EDIT: I unexpectedly had a possible solution to this come to me, and posted it as answer here. Please look it up and give feedback on it.
I'm trying to come up with a plausible sex determination system that has the characteristics listed below. It's intended to be general-use, i.e. the subject species could be a modified version of Homo sapiens, humanoid aliens, a nonhuman animal, etc.; for convenience, though, I'll be assuming that the species is human(oid).
- There are five sexes: female, male, and three kinds of simultaneous hermaphrodites (berm, merm and ferm, collectively known as herms).
- Sex determination involves three sex chromosomes: X (tied to females and ferms), Y (tied to males and merms), and Z (tied to herms in general).
- All of the hermaphrodite sexes are fairly androgynous in facial features and fertile in both the male and female organs; berms have the most androgynous-looking, and their physical development follows a pattern that is intermediate between males and females (e.g. on average they're between both in height), while merms and ferms parallel males and females in their dimorphism (e.g. merms develop heavier jaws, greater height, a "V-shaped" torso, and find it much easier to achieve muscle hypertrophy).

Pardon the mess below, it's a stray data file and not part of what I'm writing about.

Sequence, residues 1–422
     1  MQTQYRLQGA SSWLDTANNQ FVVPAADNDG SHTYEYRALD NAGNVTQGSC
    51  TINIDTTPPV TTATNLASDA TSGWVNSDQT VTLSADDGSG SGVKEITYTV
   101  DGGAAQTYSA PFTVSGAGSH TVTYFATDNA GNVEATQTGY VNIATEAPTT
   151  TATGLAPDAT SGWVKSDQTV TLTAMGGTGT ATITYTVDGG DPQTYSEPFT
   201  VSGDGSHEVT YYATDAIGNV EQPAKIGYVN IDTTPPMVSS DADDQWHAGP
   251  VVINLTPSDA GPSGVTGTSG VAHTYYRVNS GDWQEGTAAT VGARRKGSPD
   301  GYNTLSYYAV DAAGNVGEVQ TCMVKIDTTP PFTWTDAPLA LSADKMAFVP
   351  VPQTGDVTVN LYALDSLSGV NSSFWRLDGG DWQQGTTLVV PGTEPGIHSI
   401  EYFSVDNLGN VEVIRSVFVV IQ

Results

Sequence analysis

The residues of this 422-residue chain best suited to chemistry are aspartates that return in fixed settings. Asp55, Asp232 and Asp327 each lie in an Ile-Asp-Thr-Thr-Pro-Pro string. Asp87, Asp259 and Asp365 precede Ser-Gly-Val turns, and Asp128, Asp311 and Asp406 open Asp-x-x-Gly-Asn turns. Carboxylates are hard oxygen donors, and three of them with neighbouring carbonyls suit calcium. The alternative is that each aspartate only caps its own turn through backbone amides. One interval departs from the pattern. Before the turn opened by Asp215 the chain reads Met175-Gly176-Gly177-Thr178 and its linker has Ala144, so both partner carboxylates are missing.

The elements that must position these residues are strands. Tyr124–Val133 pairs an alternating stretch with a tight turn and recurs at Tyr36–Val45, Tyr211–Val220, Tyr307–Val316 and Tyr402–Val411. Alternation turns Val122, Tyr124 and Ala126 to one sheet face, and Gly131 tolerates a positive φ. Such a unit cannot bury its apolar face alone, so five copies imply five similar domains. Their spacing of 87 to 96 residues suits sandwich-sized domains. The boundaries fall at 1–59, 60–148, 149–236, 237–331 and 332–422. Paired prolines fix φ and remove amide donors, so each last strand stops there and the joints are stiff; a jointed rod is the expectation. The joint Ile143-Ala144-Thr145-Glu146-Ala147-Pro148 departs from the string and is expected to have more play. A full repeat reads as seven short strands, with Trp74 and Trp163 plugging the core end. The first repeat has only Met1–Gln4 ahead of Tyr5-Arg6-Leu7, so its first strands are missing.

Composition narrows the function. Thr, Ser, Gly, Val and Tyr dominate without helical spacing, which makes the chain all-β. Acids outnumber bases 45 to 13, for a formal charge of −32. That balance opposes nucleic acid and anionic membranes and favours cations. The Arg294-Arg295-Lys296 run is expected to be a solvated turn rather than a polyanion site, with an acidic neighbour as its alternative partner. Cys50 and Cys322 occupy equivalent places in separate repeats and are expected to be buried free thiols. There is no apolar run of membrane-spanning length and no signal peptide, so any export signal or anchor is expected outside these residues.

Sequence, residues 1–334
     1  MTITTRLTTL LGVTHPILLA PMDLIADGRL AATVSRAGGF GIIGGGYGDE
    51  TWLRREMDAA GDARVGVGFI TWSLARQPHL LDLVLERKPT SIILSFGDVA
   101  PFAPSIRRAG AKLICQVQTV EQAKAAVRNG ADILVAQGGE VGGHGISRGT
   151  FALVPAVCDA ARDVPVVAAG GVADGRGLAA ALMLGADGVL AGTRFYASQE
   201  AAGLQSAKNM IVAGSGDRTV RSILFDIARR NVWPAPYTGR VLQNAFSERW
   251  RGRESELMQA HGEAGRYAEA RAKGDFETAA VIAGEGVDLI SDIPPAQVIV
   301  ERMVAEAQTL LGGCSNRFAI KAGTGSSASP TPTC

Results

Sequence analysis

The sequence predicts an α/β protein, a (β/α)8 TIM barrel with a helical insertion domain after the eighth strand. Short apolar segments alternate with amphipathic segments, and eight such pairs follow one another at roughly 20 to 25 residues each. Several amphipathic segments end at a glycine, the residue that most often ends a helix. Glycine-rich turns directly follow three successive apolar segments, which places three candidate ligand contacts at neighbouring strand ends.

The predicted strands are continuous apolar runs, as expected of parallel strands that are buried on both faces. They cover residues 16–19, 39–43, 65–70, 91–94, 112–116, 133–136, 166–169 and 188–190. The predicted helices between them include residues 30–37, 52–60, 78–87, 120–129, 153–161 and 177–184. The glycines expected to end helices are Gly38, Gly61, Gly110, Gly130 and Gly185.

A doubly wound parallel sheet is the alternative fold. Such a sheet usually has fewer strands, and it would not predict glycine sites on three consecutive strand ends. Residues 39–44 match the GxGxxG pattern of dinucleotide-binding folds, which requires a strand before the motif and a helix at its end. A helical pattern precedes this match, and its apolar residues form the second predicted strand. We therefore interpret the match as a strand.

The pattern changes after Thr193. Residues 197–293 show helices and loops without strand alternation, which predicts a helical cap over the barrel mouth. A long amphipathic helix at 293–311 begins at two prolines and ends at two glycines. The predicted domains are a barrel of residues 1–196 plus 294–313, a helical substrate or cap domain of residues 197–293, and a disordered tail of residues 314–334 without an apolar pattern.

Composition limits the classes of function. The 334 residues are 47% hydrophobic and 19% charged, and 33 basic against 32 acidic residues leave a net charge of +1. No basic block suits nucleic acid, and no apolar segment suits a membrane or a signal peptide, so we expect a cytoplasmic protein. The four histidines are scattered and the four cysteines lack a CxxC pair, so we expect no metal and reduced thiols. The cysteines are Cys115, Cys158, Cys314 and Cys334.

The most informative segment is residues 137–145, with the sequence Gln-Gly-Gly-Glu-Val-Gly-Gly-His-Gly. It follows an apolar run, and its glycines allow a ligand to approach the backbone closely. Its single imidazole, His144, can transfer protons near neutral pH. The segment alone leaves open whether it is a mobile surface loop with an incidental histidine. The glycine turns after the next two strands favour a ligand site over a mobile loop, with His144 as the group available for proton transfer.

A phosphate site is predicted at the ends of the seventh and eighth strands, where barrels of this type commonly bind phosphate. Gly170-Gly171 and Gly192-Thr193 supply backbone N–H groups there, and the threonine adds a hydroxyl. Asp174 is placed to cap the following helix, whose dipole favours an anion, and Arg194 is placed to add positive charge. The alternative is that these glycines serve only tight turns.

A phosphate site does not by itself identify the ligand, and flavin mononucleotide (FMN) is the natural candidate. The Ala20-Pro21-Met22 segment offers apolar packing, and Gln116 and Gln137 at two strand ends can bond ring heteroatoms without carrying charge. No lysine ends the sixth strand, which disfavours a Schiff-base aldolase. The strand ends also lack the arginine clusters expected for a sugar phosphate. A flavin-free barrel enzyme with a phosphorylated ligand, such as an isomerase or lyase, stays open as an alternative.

- All possible pairings between the five sexes can produce a child of any sex.
- The sex system is stable and is in no danger of having any of the sexes being outcompeted within the foreseeable future on an evolutionary timescale.
I've looked into the various existing systems, and couldn't find anything that appeared to be sufficient for my needs. For example, an XYZ system didn't work, even if I employed a second pair of sex chromosomes (like the white-throated sparrow appears to be slowly evolving to), because every version resulted in either males/females or herms being unable to produce the other.